MPs rushed through the Economic Crimes Bill to deal with Russian oligarchs – but Tory ministers blocked bids to harden the law, giving billionaires ‘cards out of London’ ‘
MPs tonight support new legislation the government claims will eventually allow “hundreds” of Russian oligarchs to be sanctioned – as early as next Tuesday.
But angry critics have blown holes in the Economic Crimes Bill – because Tory MPs voted to reject desperate bids to strengthen it.
MPs rushed through the first stages of the Bill targeting illegal cash with Moscow links in the UK, sheltered by property, land and property, and commonly purchased through secret shell companies.
However, Labor newspaper warned the fast-tracked legislation would give Vladimir Putin’s friends a “good start” card and “get out of London” – time to hide “dirty money”. their.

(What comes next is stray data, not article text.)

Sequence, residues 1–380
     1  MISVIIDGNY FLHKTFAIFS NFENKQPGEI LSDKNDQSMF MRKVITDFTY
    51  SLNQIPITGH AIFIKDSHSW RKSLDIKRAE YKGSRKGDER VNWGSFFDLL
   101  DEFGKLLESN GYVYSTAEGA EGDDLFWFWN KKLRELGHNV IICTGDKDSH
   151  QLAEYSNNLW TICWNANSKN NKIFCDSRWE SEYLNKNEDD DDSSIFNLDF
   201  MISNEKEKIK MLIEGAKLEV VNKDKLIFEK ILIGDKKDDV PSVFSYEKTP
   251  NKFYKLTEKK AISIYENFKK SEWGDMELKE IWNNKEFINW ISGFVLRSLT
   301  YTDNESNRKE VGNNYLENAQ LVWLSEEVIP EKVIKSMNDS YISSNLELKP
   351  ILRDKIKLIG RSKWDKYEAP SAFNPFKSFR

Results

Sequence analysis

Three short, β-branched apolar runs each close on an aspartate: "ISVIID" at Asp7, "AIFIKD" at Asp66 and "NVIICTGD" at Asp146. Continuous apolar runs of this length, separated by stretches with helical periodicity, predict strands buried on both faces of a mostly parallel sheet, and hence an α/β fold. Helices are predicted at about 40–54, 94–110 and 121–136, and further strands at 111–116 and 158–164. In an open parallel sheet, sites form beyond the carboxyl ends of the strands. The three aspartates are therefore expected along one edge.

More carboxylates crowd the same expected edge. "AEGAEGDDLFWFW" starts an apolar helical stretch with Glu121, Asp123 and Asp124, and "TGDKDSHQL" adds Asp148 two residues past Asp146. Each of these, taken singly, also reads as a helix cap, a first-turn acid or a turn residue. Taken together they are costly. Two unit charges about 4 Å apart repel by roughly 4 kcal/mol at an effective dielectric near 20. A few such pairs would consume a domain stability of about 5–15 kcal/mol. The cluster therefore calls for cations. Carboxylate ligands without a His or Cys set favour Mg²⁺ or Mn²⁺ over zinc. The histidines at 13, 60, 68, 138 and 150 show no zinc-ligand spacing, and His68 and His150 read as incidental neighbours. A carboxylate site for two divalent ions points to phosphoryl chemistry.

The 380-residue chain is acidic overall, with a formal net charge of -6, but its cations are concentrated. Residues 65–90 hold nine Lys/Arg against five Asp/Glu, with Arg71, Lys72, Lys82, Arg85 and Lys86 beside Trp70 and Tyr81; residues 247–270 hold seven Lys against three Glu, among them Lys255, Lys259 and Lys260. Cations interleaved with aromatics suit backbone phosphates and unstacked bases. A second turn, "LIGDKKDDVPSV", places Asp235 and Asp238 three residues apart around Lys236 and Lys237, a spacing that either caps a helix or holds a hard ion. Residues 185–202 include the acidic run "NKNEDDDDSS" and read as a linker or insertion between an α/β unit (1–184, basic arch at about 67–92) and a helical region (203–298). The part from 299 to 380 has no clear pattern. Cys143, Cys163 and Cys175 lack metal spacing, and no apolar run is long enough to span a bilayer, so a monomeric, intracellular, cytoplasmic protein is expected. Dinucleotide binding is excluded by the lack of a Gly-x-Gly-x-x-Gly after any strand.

Tory MPs refused to accept Labour’s plan for a 28-day extension to declare assets in the UK. The original proposal of an 18-month grace period is instead cut to six – with ministers also promising to name sales tycoons during the transition.
Boris Johnson also told his MPs to reject a plan to freeze assets immediately, such as land, apartments, villas, yachts and planes, when a tycoon’s name is announced. but before they are actually punished.
Coalition MPs led by Tory David Davis introduced the amendment but it was defeated 300-234.
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“This bill should target the Russian government and Putin himself and his henchmen,” Mr. Davis told MPs.
“That is why the actions against the oligarchs in this Bill are just as important as those against Russian banks and commercial organisations.
“We shouldn’t be kidding ourselves, this is not an economic crime bill, it’s an economic war bill and it’s a war liberal democracies can’t lose.”
Despite the Prime Minister repeatedly claiming the UK was “leading” on tougher sanctions, Foreign Secretary Liz Truss boasted a provision in the Bill that would allow Britain to punish “hundreds of individuals” – who have sanctioned by US and EU – next word Tuesday.